Learning the ABCs of the BRCA mutation: the "Jewish Gene"

Event features cancer survivor, journalist Libby Znaimer

By Dan Horowitz- Long before Academy-Award winning actress Angelina Jolie stunned the world by undergoing a double mastectomy in May after learning she had the “Jewish gene”, Canadian journalist Libby Znaimer was all too familiar with BRCA mutation.  

In 2006, Znaimer, like Jolie, tested positive for BRCA2, a genetic mutation that increases the likelihood of developing breast, ovarian and pancreatic cancer. The mutation is especially common among Ashkenazi Jewish women, increasing a woman’s risk of breast cancer by 60 to 80 percent. 

“I was not surprised since my mother had breast cancer at a young age, but it was extremely upsetting because I had been cleared on two mammograms just weeks before,” says Znaimer.  “I felt it when I pulled the covers off in the middle of the night and thought “My God, that’s a lump!”

The journalist and broadcaster with CP24 successfully battled the cancer, and again defied the odds in 2008, when she beat pancreatic cancer – a disease with a frightening five-year survival rate of approximately six percent.

“The experience made me realize what a great life I have,” says Znaimer. “I try to remember that every day.”

On Thursday, December 5th from 7:30 pm – 9:00 pm at Toronto’s Beth Tzedec Congregation Znaimer will be moderating a unique and important United Jewish Appeal of Greater Toronto panel discussion featuring three of Canada’s leading physicians, called “The ABCs of BRCA”.  The event will focus on the BRCA1 and BRCA2 mutations, and the effects they have on Jews of Ashkenazi descent, while examining the current state of BRCA cancer research, genetic testing, risk assessment and more.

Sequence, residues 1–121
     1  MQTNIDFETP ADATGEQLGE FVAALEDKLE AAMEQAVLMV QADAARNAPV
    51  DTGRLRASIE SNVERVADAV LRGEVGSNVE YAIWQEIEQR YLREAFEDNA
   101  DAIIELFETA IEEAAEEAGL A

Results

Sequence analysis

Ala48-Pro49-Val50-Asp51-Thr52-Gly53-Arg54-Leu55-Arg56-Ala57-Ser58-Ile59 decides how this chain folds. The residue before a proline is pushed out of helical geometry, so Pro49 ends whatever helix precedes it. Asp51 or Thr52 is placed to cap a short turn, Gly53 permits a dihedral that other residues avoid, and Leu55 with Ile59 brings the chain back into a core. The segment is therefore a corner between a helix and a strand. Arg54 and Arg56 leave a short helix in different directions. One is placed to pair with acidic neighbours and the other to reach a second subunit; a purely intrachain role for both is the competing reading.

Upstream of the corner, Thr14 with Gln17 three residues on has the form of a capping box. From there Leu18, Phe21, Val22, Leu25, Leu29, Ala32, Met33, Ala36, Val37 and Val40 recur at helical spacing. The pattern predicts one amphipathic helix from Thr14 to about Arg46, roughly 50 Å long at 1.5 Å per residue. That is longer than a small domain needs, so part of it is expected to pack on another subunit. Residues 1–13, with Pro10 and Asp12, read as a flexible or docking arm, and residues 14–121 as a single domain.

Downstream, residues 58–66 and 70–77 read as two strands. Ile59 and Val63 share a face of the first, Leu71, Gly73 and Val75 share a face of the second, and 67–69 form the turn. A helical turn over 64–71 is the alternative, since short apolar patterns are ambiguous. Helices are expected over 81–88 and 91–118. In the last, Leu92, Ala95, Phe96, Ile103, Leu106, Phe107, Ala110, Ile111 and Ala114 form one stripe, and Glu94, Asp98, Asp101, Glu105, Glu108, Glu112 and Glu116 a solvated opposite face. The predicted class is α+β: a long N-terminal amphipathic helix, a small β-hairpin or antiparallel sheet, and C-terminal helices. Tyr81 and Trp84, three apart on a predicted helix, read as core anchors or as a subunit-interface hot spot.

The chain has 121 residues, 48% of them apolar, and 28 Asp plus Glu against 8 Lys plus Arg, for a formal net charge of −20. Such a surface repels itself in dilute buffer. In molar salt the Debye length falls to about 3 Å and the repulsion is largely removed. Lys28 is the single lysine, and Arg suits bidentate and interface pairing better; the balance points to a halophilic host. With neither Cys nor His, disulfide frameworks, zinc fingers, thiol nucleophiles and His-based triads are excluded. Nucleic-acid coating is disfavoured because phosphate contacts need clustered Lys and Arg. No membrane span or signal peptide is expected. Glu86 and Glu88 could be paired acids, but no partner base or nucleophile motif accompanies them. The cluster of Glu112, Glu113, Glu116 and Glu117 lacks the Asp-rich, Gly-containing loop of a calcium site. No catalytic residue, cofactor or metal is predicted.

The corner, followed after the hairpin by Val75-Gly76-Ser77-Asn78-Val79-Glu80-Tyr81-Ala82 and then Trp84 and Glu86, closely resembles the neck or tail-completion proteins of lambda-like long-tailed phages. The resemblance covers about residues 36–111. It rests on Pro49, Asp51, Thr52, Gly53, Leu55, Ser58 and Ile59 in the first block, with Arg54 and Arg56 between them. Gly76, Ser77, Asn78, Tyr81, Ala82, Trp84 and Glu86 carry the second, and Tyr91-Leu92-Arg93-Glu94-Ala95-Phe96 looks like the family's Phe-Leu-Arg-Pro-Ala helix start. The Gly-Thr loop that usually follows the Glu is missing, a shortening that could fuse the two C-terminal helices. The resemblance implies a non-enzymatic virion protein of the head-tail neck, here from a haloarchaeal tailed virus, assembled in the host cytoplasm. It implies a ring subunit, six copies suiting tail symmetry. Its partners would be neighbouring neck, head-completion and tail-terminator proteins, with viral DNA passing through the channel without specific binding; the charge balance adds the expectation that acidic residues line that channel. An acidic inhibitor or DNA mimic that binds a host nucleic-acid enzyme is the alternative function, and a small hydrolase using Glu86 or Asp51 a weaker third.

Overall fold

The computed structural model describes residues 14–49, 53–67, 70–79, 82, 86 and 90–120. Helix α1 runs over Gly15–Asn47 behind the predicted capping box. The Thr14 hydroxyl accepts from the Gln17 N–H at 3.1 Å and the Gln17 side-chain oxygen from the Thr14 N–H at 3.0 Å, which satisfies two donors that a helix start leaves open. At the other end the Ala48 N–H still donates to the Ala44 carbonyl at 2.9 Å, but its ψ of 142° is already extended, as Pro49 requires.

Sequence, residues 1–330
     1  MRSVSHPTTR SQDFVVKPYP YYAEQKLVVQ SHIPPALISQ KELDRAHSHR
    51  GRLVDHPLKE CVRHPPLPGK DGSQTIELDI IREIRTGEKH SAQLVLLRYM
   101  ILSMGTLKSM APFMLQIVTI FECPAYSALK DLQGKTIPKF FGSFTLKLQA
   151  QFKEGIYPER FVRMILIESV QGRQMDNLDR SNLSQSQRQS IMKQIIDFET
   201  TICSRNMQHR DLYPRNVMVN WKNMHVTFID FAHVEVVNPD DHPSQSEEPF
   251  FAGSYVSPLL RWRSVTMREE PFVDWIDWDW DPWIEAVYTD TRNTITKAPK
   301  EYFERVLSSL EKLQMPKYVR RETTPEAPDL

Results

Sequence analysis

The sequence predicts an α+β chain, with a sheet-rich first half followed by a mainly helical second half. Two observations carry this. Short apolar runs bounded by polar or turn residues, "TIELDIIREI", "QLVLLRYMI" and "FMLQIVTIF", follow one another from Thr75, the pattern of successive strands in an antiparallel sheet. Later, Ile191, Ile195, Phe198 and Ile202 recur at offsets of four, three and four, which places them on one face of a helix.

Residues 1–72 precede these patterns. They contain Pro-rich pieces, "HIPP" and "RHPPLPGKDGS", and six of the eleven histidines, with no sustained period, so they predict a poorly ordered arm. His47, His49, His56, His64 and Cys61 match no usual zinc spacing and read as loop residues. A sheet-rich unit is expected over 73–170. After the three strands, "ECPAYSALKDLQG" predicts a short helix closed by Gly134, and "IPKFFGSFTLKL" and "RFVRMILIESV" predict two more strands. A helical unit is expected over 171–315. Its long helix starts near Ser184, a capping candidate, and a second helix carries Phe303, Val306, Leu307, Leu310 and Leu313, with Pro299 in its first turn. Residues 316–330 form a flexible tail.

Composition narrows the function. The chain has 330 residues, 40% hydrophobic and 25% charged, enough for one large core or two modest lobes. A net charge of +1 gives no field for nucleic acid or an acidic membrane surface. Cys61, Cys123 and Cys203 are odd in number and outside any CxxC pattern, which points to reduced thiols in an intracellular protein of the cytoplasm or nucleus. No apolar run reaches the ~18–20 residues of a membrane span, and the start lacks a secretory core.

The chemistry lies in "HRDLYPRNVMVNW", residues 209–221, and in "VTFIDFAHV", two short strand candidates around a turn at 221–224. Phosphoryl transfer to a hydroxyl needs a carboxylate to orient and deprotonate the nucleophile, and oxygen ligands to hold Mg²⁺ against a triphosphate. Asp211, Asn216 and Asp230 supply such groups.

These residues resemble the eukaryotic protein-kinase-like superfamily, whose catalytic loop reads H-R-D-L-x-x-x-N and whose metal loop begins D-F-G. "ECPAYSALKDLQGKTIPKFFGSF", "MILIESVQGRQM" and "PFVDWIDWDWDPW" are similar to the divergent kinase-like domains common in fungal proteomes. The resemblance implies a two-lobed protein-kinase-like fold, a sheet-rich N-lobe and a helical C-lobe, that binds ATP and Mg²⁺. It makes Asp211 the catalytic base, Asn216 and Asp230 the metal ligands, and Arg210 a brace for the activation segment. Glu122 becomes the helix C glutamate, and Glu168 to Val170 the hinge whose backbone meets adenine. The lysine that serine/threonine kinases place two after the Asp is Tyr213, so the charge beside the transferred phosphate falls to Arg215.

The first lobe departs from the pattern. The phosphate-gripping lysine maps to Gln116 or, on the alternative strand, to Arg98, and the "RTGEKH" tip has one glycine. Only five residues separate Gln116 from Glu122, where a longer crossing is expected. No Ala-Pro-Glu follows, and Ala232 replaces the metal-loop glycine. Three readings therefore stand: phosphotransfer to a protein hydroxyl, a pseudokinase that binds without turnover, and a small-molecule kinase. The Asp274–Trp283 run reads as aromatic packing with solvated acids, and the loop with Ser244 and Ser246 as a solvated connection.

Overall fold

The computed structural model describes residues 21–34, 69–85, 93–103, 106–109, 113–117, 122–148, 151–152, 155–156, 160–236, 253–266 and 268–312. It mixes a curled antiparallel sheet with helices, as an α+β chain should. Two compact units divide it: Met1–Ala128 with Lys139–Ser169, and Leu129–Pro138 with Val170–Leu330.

“These events are very important especially since it affects so many in our community,” says Znaimer. “It is my responsibility to be involved with cancer causes and frankly that job has my name on it, particularly when it comes to pancreatic cancer. Research is very underfunded and the survival rates are dismal partly because there are almost no survivors to advocate. I am very lucky to be here. And I am here because with my case doctors figured out how to treat BRCA-related pancreatic cancer. It responds better than others and it turns out about 5% of pancreatic cancers are genetically related.”


Click here to register online for this important event, or RSVP to Glenda Gomperts ggomperts@ujafed.org or by phone at 416-631-5707.

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